article icon

Migraine triggers and how to avoid them

Dr Roger Henderson
Reviewed by Roger HendersonReviewed on 29.04.2024 | 3 minutes read

Migraines can be debilitating to those who suffer from them, which is why it’s important to try and identify what factors could be triggering your migraine. The exact cause of migraines is not known but it is thought to be a mix of affected nerve signals, chemicals and blood vessels in the brain. The cause of this change in brain activity is not known, but could be genetic – which leads to you experiencing a migraine after encountering a specific trigger.

Common triggers

There are many possible triggers, and your doctor will likely ask you whether you have noticed certain things bring on your migraines. Some of the common causes include changes in routine, stress, hormones, environmental changes, too much time looking at screens, food and hydration and exercise.

We will go into more detail for some of the common ones in the next paragraphs.

Life triggers

Changes in routine: Changing sleep patterns, longer journeys, diet, and eating times. Many people complain of migraines occurring over the weekend, this could be due to sleeping for longer, drinking less caffeine or changes in stress levels

Stress: This is strongly linked with migraines and includes any sort of emotional shock. The migraine can even be triggered by lower stress levels which are particularly seen over the weekend (weekend headaches)

Hormones: Some women find their migraines begin during puberty and are linked with their menstrual cycle. Menopause is often the most difficult time for women with migraines.

Those who take contraceptives should also be cautious and speak to their doctor if they experience migraines while taking their medication.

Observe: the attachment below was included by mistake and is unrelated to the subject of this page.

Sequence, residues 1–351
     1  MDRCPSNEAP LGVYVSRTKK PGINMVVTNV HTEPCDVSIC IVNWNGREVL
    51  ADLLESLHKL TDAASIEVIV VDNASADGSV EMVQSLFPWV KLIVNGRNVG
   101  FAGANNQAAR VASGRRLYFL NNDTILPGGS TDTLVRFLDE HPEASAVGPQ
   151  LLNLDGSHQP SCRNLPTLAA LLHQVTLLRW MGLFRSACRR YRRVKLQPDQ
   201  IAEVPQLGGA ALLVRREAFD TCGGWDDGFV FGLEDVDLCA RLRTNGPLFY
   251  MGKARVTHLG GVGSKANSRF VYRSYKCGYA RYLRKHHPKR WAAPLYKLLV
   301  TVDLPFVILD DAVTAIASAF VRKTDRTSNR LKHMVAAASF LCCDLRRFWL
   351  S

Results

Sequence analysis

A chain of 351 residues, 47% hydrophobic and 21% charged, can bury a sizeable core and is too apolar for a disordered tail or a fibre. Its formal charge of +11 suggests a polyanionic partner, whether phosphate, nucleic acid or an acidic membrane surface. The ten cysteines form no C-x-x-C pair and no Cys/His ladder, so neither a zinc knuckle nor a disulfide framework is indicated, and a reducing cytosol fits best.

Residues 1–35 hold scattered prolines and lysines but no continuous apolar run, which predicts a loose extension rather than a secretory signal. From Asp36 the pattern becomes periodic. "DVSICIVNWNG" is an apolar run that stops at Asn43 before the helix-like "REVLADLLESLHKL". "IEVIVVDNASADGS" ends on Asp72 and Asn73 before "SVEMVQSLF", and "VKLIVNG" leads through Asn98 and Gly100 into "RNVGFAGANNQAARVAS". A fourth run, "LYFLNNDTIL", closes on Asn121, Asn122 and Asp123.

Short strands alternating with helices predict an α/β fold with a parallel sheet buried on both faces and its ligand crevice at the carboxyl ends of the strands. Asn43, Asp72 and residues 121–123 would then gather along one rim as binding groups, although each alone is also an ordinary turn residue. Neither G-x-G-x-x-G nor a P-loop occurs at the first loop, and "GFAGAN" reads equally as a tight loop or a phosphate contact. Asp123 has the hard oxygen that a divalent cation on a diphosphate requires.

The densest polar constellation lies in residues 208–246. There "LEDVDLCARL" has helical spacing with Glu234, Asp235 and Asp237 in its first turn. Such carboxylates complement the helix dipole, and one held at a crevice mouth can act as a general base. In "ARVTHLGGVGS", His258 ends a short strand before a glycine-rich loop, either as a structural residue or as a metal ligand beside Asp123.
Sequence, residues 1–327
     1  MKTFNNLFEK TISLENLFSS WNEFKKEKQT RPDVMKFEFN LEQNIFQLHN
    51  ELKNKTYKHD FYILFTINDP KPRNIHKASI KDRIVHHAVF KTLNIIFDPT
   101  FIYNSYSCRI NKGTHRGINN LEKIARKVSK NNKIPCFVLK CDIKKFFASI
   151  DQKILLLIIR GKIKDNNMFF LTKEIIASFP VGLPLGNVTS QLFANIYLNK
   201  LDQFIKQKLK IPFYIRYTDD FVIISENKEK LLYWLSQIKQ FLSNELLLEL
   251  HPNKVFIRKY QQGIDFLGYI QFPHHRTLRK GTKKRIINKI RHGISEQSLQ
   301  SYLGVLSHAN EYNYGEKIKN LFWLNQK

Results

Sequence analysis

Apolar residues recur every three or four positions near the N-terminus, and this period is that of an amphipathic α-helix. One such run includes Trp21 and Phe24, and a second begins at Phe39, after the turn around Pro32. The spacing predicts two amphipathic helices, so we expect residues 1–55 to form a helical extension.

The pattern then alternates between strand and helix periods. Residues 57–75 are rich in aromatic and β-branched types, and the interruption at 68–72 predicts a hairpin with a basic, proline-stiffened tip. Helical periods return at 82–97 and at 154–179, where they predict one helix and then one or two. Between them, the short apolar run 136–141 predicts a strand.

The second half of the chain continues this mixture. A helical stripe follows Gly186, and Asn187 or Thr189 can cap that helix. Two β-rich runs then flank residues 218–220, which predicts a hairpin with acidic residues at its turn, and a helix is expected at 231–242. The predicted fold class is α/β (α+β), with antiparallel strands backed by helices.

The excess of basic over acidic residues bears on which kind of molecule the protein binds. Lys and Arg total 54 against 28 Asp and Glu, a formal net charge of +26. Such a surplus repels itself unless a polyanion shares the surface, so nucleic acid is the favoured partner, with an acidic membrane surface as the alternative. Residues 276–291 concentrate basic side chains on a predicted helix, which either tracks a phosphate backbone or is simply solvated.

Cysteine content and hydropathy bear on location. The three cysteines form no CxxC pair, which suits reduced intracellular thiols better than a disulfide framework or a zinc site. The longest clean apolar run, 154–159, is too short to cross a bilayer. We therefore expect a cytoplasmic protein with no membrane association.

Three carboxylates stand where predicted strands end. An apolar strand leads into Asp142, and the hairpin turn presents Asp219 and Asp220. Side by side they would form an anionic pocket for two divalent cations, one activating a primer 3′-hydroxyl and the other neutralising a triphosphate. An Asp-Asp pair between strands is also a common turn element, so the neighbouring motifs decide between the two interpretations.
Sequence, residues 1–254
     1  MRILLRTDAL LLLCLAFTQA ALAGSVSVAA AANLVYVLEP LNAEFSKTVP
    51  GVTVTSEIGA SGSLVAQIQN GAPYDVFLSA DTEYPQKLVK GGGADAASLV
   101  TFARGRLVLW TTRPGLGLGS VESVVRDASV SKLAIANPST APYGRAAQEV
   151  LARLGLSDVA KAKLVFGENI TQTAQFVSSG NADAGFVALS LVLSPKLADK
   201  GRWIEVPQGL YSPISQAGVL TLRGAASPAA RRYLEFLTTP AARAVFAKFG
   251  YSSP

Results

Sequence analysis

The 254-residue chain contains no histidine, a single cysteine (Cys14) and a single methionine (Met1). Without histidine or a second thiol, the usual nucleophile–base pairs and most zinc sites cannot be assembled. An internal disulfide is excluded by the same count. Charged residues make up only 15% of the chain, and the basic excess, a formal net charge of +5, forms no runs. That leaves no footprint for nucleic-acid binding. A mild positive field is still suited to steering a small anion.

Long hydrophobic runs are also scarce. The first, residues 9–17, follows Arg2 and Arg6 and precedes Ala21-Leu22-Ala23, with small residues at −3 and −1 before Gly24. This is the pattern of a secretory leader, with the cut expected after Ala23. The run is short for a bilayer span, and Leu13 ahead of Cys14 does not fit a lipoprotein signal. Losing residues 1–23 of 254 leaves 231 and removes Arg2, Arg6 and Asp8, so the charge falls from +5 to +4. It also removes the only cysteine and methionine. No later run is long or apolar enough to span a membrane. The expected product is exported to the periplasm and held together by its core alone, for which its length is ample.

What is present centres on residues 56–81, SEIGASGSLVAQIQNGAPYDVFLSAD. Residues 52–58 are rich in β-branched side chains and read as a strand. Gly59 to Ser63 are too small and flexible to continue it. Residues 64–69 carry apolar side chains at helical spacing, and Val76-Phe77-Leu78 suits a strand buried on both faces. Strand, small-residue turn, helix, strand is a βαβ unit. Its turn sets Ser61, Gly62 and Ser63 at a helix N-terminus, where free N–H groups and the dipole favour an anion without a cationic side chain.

Environment: High altitudes, weather changes, humidity, loud noises, flickering lights or glare can be triggers for migraines.

Variable triggers

Screens: Similar to light exposure, although it has been questioned whether the presence of blue light with excessive screen exposure could be a migraine trigger.

Food: Certain foods can be a trigger. Some people will crave sweet foods before an attack and subsequently will conclude that sweet foods are the cause when it is more likely that craving sweet foods is a symptom of the onset of a migraine. However, foods containing tyramine are often linked to migraines (red wine and soft cheeses).

Additives: Common additives that people suspect may trigger their migraines are monosodium glutamate, nitrates, and aspartame.

Dehydration: As a general guide, you should aim to drink 8 glasses of water a day. Less than this, and it could be a contributory cause.

Exercise: Like with sleep, too much or too little can be a trigger, especially sudden vigorous exercise. Regular exercise, which is built up gradually (adequate warm-up and stretching), can help prevent a migraine.

Keeping a migraine diary

If you are prone to migraines, it is wise to suspect everything could be a trigger until you have eliminated a specific factor by using a migraine trigger diary. In the diary, you could include details about the migraine attack and the day it occurred. Other things that may be useful for your doctor are:

  • Date and day of the week
  • Duration of the attack
  • Severity of the attack
  • Symptoms, e.g., nausea, stomach pain, light/sound sensitivity
  • Any suspected triggers (routine change, foods, sounds and smells, medications

It may be helpful to maintain this diary over several months to get a better idea of what your triggers could be. This diary would also be helpful for your doctor to better understand your migraines and if any treatment changes could be made.

Was this helpful?

Was this helpful?

Dr Roger Henderson
Reviewed by Roger Henderson
Reviewed on 29.04.2024
App Store
Google Play
Piff tick
Version 2.28.0
© 2024 Healthwords Ltd. All Rights Reserved